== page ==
Return to the trails

me editAfter all the blood, sweat and tears over the past few weeks it felt so good to just go out there and be among amazing friends and hit the trails at KZN Trail Running WESSA Trail Run yesterday.

I am so greateful to know so many wonderful people who make up this trail community and to catch up with everyone!

It was really fun to tackle a shorter distance race for once and to be able to come second to the incredibly talented and inspiring Kim Westbrook, who is so humble and down to earth and sweet!

Huge thanks to my coach Clinton Hunter of RacePace Coaching and my strength and conditioning coach Rhain Hoskins Personal Training for working so closely with me and keeping me strong!

And to the awesomest running shoe Vivobarefoot Vivobarefoot South Africa for keeping me running healthy!

Advertisements

Hitting my wall

IMG-20180325-WA0063
Photo by Ryan Quevauvilliers

This weekend was a whirlwind of emotions and experiences: breathing takingly beautiful scenery and mountains, joy, love, happiness, anxiety, despair.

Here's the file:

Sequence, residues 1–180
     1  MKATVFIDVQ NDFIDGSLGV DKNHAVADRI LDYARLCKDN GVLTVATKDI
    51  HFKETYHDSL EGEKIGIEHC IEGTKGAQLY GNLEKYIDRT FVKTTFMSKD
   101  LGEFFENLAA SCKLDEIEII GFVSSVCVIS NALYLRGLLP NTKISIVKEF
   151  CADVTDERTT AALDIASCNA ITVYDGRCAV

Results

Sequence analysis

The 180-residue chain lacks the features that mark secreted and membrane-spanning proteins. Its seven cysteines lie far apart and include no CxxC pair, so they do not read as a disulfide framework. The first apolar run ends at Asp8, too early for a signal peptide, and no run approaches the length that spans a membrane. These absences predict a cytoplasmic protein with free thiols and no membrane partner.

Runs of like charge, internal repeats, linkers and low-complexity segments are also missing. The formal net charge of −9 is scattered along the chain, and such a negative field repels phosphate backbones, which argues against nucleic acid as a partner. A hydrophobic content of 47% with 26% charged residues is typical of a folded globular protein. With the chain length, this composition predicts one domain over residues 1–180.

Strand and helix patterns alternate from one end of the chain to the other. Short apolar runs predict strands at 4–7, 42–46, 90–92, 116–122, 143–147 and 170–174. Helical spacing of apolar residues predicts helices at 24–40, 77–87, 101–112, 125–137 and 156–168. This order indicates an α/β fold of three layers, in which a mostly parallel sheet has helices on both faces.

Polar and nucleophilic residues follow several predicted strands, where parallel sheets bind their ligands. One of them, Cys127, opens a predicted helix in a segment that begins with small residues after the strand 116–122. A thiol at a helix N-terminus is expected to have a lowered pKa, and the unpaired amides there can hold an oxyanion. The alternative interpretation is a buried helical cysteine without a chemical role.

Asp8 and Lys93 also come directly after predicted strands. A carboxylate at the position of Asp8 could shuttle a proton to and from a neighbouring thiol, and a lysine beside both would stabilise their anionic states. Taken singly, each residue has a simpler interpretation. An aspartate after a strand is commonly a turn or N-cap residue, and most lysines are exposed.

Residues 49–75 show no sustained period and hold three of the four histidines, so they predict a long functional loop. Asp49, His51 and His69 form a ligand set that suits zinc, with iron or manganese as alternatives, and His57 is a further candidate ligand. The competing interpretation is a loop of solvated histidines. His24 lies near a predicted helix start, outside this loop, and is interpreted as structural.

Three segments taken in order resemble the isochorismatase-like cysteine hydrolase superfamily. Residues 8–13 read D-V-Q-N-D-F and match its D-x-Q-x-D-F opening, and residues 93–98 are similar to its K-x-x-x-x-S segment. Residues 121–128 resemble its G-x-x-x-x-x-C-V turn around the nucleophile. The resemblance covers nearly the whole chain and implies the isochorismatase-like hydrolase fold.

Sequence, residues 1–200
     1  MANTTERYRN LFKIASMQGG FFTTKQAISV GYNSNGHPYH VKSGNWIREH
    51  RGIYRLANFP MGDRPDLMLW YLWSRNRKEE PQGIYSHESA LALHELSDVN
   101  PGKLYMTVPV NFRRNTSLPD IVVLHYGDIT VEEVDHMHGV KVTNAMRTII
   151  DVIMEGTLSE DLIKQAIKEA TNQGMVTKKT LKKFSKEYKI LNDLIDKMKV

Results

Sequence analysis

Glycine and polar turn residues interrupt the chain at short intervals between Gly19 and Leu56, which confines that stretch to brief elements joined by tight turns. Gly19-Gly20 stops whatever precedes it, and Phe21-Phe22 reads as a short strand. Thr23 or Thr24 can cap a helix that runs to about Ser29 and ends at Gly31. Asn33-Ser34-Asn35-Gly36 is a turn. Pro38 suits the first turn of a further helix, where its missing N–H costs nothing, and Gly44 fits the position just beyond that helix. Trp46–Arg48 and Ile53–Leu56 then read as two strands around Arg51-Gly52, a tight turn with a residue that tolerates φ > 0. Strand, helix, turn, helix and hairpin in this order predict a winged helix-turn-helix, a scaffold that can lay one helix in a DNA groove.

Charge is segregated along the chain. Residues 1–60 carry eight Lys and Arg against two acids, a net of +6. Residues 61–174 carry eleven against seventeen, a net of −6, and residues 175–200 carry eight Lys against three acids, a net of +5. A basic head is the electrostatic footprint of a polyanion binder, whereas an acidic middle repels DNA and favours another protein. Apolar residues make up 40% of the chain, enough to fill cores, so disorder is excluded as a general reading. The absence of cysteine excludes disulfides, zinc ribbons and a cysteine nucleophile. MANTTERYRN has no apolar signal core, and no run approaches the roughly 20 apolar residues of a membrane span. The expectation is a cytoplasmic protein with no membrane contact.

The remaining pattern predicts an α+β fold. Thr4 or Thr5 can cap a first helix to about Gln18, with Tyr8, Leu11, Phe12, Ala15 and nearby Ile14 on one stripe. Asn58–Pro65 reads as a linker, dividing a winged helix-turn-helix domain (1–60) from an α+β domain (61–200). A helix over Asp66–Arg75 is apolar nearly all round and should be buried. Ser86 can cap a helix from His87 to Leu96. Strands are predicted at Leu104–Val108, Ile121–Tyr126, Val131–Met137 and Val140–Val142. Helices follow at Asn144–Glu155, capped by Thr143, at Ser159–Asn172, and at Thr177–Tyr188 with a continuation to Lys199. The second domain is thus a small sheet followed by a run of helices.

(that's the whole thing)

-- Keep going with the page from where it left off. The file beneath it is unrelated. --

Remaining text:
IMG-20180325-WA0023Drakensberg Northern Trail is a special race to me. Last year it was my first skyrun and this year I hoped to better my time and to take it all in… but you cannot always predict what is going to happen on the day.

IMG-20180325-WA0009

About 19km a loose rock ended in a tweaked knee and strained the ligament. The remaining 20kms I spent in excruciating pain. So by the time I hobble jogged to the end I was in tears and pain, feeling frustrated with myself for deciding to push through the last 20kms and for allowing the disappointment to affect me so badly.

A message from my coach Clinton Hunter of RacePace Coaching really helped put things into perspective though, and its something we could all probably hear at times.

How you handle the disappointment is important and provides you with an incredible learning experience.  When things go wrong we don’t appreciate the massive mental barrier we have overcome, but sometimes we need to celebrate those victories too. And celebrate out mental toughness.

So I finished the race in the same time and position as I did last year- which is not what I was hoping for, but I finished it and sometimes we need to allow things like that to be good enough as well.